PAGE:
Stanitsa

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The following article is from The Great Soviet Encyclopedia (1979). It might be outdated or ideologically biased.

Stanitsa

 

(1) In the USSR, a rural-type population center in what were once the cossack regions. The representative organ of state power is the stanitsa soviet of working people’s deputies.

(2) In Russia in the 17th and 18th centuries, a cossack settlement and, from the 19th century, an administrative-territorial unit (and center) in the cossack regions. The stanitsa comprised khutora (individual farmsteads) and poselki (settlements). The cossack population of a stanitsa made up the stanitsa society (stanichnoe obshchestvo). The organ of the stanitsa society was the stanitsa assembly (sbor), which consisted of cossack heads of household (from 1891, only elected heads of household). The sbor elected the administrative board—consisting of the stanitsa ataman, his deputy, and the treasurer—and the stanitsa court. It allocated cossack lands and tax obligations, ran the society’s grain stores, and supervised the school. The stanitsa court heard petty criminal and civil cases.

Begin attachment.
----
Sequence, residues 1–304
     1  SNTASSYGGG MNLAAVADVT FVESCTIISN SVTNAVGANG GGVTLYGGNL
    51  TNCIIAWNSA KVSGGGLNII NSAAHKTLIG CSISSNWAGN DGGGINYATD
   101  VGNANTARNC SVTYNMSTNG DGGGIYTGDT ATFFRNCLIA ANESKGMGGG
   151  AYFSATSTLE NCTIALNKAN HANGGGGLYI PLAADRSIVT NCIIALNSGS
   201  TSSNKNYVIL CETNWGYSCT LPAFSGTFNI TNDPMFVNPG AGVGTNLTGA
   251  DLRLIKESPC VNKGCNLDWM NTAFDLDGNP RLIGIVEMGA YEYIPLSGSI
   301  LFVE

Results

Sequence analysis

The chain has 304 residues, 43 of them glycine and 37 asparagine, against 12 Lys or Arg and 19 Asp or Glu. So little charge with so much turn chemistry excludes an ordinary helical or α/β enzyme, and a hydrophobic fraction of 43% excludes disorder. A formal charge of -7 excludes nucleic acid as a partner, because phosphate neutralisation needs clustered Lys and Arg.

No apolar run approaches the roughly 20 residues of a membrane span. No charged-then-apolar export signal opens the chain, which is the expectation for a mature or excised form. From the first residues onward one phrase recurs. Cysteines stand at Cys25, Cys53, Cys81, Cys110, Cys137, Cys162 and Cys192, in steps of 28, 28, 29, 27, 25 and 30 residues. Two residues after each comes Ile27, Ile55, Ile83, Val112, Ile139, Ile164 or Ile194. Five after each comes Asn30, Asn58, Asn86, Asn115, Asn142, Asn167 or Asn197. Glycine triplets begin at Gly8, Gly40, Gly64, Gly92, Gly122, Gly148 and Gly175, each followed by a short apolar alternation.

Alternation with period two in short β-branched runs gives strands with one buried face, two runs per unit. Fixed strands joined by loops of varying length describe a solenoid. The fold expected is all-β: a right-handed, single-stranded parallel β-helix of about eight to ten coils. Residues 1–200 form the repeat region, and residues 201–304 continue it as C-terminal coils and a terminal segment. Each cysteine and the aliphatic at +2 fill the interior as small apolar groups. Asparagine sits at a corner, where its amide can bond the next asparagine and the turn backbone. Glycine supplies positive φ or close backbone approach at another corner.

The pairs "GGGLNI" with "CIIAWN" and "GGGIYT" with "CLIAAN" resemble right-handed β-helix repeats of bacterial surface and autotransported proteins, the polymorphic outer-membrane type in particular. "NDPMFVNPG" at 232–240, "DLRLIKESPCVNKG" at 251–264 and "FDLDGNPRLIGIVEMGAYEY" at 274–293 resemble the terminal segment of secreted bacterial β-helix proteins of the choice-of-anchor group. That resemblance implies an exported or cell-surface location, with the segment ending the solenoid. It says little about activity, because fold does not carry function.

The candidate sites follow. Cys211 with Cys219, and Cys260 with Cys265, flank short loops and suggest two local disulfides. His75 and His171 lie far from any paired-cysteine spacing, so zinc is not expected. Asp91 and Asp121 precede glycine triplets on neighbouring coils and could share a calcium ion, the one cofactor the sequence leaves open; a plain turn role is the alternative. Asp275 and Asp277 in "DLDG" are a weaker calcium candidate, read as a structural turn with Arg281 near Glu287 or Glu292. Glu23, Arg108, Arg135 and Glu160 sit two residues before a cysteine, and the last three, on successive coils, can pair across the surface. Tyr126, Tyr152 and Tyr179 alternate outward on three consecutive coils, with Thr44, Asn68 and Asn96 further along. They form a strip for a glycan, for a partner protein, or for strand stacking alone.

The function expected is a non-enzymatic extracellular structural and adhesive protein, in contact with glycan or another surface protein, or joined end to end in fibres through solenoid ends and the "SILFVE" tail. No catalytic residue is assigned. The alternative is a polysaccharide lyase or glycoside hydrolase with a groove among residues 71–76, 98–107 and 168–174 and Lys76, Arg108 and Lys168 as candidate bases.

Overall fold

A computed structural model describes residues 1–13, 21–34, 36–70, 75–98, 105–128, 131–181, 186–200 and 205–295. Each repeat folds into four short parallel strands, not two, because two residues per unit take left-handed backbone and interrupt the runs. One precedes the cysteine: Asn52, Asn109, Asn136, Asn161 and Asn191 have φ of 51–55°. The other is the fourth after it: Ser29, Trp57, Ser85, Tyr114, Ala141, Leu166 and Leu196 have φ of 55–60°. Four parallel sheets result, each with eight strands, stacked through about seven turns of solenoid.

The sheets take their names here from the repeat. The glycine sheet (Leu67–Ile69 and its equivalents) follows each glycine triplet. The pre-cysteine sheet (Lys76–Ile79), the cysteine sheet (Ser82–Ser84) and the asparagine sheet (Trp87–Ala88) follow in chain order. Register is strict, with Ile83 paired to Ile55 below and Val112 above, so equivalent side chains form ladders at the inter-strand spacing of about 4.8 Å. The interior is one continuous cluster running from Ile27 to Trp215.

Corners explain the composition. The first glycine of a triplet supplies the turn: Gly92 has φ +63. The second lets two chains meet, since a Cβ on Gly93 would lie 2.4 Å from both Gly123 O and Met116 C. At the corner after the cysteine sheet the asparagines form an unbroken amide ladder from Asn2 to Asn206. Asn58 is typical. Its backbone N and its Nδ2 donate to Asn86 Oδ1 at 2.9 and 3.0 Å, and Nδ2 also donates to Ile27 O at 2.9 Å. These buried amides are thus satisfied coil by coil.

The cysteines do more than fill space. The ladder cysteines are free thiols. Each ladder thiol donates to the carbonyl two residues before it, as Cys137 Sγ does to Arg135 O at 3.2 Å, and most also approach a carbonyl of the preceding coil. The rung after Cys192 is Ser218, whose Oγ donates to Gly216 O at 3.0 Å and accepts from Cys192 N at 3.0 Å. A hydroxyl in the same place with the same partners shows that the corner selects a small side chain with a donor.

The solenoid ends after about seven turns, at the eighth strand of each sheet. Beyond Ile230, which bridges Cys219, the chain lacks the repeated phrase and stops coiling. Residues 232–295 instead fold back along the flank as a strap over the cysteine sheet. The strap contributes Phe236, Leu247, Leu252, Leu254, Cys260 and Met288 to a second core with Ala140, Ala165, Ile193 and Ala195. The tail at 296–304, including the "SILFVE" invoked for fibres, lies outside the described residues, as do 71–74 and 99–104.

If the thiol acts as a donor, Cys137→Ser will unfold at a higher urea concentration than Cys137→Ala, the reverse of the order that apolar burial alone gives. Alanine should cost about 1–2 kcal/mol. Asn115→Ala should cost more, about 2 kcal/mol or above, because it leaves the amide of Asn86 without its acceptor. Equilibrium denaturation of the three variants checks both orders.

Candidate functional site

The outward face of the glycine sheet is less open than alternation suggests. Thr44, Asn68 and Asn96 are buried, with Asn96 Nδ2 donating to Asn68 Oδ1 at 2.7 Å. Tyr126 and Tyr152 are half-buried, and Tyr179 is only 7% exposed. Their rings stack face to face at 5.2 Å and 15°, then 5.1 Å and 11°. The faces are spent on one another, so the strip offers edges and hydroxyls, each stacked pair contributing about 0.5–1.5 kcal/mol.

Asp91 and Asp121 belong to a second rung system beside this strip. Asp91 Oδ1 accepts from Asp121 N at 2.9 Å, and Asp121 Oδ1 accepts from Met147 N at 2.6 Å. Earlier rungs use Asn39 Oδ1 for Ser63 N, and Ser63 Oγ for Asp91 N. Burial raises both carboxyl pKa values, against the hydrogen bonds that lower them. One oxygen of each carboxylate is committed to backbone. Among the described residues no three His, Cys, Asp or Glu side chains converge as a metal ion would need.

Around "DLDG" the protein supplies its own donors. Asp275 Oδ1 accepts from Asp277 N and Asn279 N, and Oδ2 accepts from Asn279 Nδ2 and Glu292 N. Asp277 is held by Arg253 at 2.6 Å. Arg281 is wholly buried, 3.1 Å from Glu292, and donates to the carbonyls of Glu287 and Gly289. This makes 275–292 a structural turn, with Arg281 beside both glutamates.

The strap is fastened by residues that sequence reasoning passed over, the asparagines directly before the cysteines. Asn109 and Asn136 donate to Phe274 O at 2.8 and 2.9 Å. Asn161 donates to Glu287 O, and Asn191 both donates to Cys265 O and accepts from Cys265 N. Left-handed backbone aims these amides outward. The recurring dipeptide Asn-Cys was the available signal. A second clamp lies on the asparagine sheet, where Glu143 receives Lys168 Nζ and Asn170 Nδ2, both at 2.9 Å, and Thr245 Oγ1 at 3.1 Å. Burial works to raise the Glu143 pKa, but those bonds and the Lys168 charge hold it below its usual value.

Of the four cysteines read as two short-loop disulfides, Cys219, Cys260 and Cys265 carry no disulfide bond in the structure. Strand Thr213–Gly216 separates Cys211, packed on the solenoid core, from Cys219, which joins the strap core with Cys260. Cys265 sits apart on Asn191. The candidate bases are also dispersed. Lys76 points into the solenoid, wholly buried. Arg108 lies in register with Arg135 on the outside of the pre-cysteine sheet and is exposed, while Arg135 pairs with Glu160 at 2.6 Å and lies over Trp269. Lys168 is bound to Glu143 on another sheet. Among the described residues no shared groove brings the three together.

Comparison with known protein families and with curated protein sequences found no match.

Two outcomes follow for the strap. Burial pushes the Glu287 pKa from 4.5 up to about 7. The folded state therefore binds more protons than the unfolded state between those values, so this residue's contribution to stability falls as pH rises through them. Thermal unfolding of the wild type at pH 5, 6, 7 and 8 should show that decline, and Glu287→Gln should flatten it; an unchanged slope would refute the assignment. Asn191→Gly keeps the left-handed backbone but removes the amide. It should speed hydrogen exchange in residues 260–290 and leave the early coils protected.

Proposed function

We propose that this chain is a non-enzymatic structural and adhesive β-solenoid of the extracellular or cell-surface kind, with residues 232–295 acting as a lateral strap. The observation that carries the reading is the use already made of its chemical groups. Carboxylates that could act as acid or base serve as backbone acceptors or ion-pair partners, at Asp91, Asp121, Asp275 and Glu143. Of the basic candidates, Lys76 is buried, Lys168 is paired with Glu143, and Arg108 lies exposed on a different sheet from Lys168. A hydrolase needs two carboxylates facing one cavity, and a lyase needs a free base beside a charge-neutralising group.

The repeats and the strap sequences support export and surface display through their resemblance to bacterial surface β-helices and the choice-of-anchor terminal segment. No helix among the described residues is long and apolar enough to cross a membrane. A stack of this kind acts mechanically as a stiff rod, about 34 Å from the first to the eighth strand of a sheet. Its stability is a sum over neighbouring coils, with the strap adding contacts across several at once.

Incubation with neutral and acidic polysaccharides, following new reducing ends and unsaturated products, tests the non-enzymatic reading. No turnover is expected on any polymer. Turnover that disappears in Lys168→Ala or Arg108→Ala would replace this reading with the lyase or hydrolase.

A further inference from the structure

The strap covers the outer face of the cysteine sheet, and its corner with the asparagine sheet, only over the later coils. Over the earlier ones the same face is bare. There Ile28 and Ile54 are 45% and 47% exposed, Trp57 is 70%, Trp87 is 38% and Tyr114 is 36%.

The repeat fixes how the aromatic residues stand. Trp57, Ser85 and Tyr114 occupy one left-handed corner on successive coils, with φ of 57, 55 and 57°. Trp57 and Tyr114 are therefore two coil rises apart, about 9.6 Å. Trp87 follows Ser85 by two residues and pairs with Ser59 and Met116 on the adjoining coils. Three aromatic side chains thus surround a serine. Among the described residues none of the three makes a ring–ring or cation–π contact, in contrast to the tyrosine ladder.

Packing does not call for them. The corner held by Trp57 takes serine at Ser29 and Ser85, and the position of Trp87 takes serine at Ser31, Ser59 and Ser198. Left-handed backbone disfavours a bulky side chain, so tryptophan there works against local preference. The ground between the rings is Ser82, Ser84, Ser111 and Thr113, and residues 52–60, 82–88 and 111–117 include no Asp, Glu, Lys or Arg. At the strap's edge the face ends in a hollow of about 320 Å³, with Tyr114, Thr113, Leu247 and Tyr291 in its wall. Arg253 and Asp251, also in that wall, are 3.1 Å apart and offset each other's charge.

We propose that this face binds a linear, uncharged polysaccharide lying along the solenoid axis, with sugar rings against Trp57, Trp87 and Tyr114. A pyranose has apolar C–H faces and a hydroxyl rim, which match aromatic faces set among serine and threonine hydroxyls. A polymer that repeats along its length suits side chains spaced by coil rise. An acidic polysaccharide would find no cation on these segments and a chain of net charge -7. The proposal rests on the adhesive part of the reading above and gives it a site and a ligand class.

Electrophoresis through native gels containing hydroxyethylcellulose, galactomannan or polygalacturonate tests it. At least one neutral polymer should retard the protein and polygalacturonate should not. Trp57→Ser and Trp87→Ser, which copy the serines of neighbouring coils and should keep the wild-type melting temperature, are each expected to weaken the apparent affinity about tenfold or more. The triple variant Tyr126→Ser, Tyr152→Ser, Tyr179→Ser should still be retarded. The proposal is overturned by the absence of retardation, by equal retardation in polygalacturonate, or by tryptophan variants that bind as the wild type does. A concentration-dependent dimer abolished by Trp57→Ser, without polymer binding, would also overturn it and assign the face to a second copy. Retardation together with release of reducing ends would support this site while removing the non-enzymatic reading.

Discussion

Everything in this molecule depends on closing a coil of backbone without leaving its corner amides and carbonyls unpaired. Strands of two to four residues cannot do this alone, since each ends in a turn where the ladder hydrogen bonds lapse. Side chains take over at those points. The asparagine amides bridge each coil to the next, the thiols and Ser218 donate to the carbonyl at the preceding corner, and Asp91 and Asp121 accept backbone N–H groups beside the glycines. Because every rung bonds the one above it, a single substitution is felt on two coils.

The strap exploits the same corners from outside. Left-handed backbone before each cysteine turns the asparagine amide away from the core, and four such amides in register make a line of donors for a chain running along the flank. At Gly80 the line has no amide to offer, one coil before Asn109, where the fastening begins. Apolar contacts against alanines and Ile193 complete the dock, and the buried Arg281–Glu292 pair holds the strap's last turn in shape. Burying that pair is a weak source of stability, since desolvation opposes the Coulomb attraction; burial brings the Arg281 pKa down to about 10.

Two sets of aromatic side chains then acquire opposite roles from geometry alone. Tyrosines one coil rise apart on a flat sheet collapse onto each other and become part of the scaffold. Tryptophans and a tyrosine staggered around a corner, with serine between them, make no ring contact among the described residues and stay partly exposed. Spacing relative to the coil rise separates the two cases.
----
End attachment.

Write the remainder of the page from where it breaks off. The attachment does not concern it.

(3) From the 15th to 17th centuries, a small mounted detachment of 60–100 men, made up of sluzhilye liudi (servicemen) and cossacks, sent into the steppe to guard the frontiers and patrol the main routes of travel of the Crimean Tatars who raided southern and southeastern Russia. Unlike the storozha (see), the stanitsa moved far into the steppe and patrolled individual sectors—scouting, taking prisoners, and routing small bands of Tatars.

(4) From the 16th through 18th centuries, an “embassy” from the cossack hosts to the tsar in Moscow or St. Petersburg. Every winter, the “winter stanitsa,” with as many as 20 men and sometimes headed by a host ataman, bore gifts and important papers to the tsar and received salaries for cossacks. During the rest of the year, three or four “light stanitsy,” of three to five men, made the journey. In the 18th century, stanitsy grew steadily fewer; at the end of the 18th century, with the single exception of the annual winter stanitsa detailed by the Urals Cossack Host, which sent valuable fish and caviar to the tsar, stanitsy were abolished.

The Great Soviet Encyclopedia, 3rd Edition (1970-1979). © 2010 The Gale Group, Inc. All rights reserved.